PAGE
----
FEATURE: The Rise of the Woman Gamer

Wednesday, November 21, 2007
This article concerning the female gamer demographic, written by Sande Chen of Women in Games International. Enjoy!

Recent studies from Telephia and Park Associates underscore anecdotal evidence that women play mobile games, and pay for them, too!  In fact, the Telephia report states women dominated revenue generation for all mobile game categories except Action/Adventure. Females particularly enjoy puzzle and arcade games, as indicated by the current Top 10 mobile game sales by revenue share. That's similar to the downloadable casual game market, where it is already noted that female players outnumber male players. While the large casual game portals have recognized and catered to female players, their sports titles regularly go unnoticed by female players more interested in the card, word or puzzle games.

For years, popular wisdom claimed females were not interested in video games or if they were, they weren't willing to pay for games. Therefore, publishers were not interested in seeking out the female market. Perhaps it had to do with the distinction between "casual" and "hardcore" players. In the past, hardcore gamers routinely dismissed little games that lacked state-of-the-art technology. But with Geometry Wars, the minigame included in Xbox's Project Gotham Racing 2, evolving into the most downloaded game at Xbox Live Arcade, even traditional hardcore gamers are turning to casual games. The explosion in casual game development has shown there is certainly money to be made in this area.

Women are loyal customers. Those infatuated with The Sims were willing to buy every expansion pack connected to the series. Girl titles have a longer shelf time and sell for longer periods of time. Word-of-mouth advertising is very important in reaching female customers. Build a brand that appeals to women and you may have them hooked. The hit casual game Luxor has had over 40 million downloads since its debut in 2005 and the newest tie-in, Luxor Mahjong, is already among the top downloads in casual games.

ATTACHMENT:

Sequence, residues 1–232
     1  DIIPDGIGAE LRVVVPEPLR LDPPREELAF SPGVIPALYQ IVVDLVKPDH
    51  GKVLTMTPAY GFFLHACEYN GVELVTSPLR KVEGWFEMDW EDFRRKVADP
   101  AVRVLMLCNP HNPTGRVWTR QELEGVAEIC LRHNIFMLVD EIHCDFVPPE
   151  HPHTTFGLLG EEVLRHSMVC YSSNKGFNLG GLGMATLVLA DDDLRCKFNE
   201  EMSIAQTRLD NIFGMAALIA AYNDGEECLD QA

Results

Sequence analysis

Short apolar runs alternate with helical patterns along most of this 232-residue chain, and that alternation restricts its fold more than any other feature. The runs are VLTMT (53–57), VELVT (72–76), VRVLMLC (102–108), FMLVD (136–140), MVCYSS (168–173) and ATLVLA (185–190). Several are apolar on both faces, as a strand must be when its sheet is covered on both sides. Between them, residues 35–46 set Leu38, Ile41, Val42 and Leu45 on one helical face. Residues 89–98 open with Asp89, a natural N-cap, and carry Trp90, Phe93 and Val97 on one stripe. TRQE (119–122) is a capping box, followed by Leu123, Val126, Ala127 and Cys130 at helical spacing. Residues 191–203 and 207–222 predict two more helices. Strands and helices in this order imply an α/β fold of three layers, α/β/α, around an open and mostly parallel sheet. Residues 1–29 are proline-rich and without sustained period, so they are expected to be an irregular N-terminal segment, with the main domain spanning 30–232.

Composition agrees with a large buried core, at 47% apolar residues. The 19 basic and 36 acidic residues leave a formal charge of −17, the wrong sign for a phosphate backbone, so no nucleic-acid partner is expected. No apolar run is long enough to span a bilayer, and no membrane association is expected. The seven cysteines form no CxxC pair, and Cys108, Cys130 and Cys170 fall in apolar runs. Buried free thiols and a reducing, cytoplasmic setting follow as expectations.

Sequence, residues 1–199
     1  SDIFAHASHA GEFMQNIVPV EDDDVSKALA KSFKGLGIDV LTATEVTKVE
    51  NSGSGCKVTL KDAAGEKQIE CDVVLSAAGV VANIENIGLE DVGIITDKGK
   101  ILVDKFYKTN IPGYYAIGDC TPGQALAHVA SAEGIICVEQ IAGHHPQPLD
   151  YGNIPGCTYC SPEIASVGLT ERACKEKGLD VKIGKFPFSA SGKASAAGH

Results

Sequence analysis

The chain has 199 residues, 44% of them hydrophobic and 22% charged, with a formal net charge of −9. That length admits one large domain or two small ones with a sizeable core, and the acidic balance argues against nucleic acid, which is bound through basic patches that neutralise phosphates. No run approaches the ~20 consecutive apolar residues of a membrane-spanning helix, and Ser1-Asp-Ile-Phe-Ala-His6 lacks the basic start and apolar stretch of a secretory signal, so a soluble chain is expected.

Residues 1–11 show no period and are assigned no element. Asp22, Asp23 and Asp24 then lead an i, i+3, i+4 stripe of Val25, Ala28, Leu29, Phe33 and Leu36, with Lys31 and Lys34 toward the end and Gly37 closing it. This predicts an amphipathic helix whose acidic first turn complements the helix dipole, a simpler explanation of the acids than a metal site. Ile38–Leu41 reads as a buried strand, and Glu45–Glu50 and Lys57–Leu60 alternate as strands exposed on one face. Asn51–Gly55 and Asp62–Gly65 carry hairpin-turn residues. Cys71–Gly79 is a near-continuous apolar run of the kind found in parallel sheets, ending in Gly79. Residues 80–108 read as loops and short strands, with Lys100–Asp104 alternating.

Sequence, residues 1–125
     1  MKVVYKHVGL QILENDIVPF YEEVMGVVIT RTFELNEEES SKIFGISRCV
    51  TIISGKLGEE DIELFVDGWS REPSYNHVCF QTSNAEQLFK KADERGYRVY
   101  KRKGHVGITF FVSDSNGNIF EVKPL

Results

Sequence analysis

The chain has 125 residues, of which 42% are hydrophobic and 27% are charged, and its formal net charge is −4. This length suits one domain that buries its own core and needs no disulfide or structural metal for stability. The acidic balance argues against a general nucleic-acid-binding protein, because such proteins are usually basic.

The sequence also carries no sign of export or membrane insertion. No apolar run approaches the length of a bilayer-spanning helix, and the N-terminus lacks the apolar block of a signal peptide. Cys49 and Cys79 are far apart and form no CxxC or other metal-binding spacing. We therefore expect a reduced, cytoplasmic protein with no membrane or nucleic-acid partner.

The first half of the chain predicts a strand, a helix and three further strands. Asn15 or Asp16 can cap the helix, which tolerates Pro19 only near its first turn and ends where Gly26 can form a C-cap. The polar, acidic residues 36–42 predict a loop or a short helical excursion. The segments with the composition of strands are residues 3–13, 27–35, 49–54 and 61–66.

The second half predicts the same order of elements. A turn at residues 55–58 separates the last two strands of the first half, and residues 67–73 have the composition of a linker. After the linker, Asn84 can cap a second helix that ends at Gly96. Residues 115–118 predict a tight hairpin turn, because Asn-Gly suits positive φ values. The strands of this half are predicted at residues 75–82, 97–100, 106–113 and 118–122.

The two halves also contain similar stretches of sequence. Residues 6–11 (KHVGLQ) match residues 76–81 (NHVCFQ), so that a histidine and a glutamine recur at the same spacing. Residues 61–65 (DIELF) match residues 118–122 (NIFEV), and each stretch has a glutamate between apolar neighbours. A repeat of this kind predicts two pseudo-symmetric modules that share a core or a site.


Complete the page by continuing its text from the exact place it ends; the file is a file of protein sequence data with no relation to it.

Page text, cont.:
While girls' preferences in games have been studied, the actual elements in a game that attracts women are still unquantifiable. There is no magic formula. Women differ greatly and have very different tastes. Some like Halo for its cooperative play. Others have no interest in first-person shooters. In general, to attract a certain market, understanding the customers' needs and wants is paramount. In addition to understanding the fun factor, think about what the customer's purpose is in playing the game. Is she using it to relax, to socialize, to compete?

One strategy is to design games that appeal to everyone, which would make the game gender-inclusive. This means the content is gender-neutral and there is recognition that the player may be female. This does not mean to "dumb it down" but to erase assumptions about what the player may or may not know. Focus groups or play-testing may help in this regard, at least to get a different perspective.

Traditionally, within the industry, game designers designed games they wanted to play. Since computer programmers/game designers of that period (and still are) predominately male, the market has been geared toward males. It should be noted that Centipede, the first arcade game designed by a woman, was the first game popular with female players. There may have even been more female players than male players for Centipede. This does not mean male designers cannot design games that appeal to females, only that it has been seen that a woman's input in design can be very useful in reaching the female market.

According to the October 2005 IGDA report, "Game Developer Demographics: An Exploration of Workforce Diversity," 10% of game designers are female and overall, females comprise 11.5% of surveyed game developers. The majority of females in the industry are not in production jobs, but fall under the category of operations, information technology, or human resources. There are, of course, other industries with unequal gender parity, but it should not be given to status quo. Research on diversity in companies does indicate diversity in the workforce leads to greater productivity and profitability.

If revenue share is a goal, then courting the female customer in the mobile sector is an absolute. A woman will be the typical mobile game player. Women already actively download other forms of mobile content and if mobile games appeal to them, they have the disposable income to buy them. Design of the games will need consideration in terms of gender-inclusiveness and accessibility. Furthermore, increasing workforce diversity will help enormously in understanding and reaching the targeted audience.


Post a Comment

Waqas Sadiq © 2014